Senator W'heeler (D-Mont.) de
nounced today as “a slanderous
attack—attributed to a dead man”
the story related by President
Roosevelt that the late William E.
Dodd once quoted Wheeler as say
ing that Nazi domination of Europe
was inevitable.
The President, responding to a
series of questions yesterday, told
reporters he had been informed by
Dodd, former ambassador to Ger
many, that Wheeler expressed such
a view at a dinner party in 1934
or 1935.
Asked whether Wheeler favored
Nazi domination of Europe, the
chief executive answered that in
evitable was a pretty comprehen
sive word.
Wheler, who is recuperating from
influenza at the home of Ambas
sador Joseph P. Kennedy at Palm
Beach, Fla., said in a statement
issued through his office that the
accusation was “absolutely false.”
he added:
“This is a desperate attempt to
discredit me because I stand un
(Continueil on Page Three; Col. 3)
BRITISH ESTIMATE
NAZI AIR POWER
Hitler Has 40,000 Planes
But Could Use Only
9,000 At A Time
LONDON, Feb. 1.—UP)—.An unof
ficial but well-informed air obser
ver tonight placed the number ot
airplanes available to Germany
for “full operation at any given
time” at about 9,000 and said Ger
many’s total air strength, includ
ing all types of planes, is about
40,000.
This observer said three Nazi air
fleets were operating against Brit
ain:
Air fleet No. 2, under Field Mar
shal General Albert Kesselring,
(Continued on Page Two; Col. 4)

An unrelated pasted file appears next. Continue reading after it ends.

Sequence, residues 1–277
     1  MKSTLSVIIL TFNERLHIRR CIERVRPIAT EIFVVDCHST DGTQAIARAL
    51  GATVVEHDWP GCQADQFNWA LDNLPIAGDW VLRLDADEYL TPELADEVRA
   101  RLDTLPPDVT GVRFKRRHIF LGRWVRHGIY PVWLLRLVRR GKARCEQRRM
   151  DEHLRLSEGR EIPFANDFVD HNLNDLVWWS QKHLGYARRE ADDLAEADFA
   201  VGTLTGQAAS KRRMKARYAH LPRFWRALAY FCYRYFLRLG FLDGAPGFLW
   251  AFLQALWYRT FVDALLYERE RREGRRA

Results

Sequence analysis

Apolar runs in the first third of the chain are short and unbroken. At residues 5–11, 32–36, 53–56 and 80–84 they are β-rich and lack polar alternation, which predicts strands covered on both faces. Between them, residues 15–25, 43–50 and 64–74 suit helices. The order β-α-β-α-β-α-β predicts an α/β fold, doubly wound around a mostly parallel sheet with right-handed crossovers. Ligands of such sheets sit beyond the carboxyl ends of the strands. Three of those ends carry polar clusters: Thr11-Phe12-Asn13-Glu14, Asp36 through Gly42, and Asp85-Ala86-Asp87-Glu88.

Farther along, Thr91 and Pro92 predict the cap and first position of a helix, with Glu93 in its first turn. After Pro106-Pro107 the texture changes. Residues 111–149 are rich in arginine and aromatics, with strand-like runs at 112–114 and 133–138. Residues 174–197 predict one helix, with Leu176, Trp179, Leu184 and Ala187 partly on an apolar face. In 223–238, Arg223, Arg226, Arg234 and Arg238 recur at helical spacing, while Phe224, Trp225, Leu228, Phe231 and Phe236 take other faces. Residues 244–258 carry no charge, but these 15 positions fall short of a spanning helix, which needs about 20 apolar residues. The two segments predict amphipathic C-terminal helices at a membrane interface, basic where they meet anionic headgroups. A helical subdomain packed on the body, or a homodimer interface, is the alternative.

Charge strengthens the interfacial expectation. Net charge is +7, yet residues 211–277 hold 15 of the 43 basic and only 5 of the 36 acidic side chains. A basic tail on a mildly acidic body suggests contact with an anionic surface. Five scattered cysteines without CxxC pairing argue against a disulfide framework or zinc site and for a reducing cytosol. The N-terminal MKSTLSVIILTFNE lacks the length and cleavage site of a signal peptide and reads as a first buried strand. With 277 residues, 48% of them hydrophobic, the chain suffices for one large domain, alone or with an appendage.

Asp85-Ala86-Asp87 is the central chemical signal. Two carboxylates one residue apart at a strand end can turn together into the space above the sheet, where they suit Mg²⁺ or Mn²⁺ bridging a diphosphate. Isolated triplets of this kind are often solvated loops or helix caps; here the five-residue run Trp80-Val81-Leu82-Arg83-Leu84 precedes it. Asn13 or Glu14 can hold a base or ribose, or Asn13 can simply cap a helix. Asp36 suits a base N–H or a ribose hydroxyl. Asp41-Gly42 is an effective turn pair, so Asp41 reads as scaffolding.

ITepeleni’s
Fall Held ,
Likely Today
Greek Occupation Of Base
City On Road To Port j
Expected Soon
SUB SINKS TRANSPORT |
.__ i
French-Built Greek Craft [
[Torpedoes Vessel Near ’
i

A1_ _ -
cupation of the Key Albanian town j
of Tepeleni was said tonight to
await only cleanlng-up operations
and dispatches from the front re
ported recent gains have put the
Greeks on the threshold ol “new
big victories.”
Tepeleni, the dispatches said,
has been enclosed on three sides,
leaving open to the Italian defend
ers only the road toward Valona
and the Fascists were reported re
treating toward that seaport, the
next major goal of the Greek
counter-invasion.
Control Harbor Road
Tepeleni and Klisura, which al-,
I ready is in Greek hands, control ]
southern Albanian roads leading to ,
the Italian-held harbor.
Important gains were, .reported
both north of Klisura and in the
coastal sector, where counter-at
tacks were said to have been
crushed with heavy I.alian losses.
“Despite repeated failures.” a
Greek spokesman said, the Italians
“attempted to launch two counter
attacks in order to recapture posi- j
tions lost in previous battles but
were repelled with heavy losses.” |
In some instances, he said. Fas- j
cist units lost 'tu per cent 01 men
forces.” Besides costly Italian los
ses in dead and wounded, the
spokesman said. 180 more Italian
prisoners have been taken.
The Greek submarine Papanico
lis, recently listed as having sunk
three Italian supply ships totalling
30.000 tons in a heavily-escorted
convoy in the bay of Valona, was
credited by the ministry of marine
with having sunk another 10,000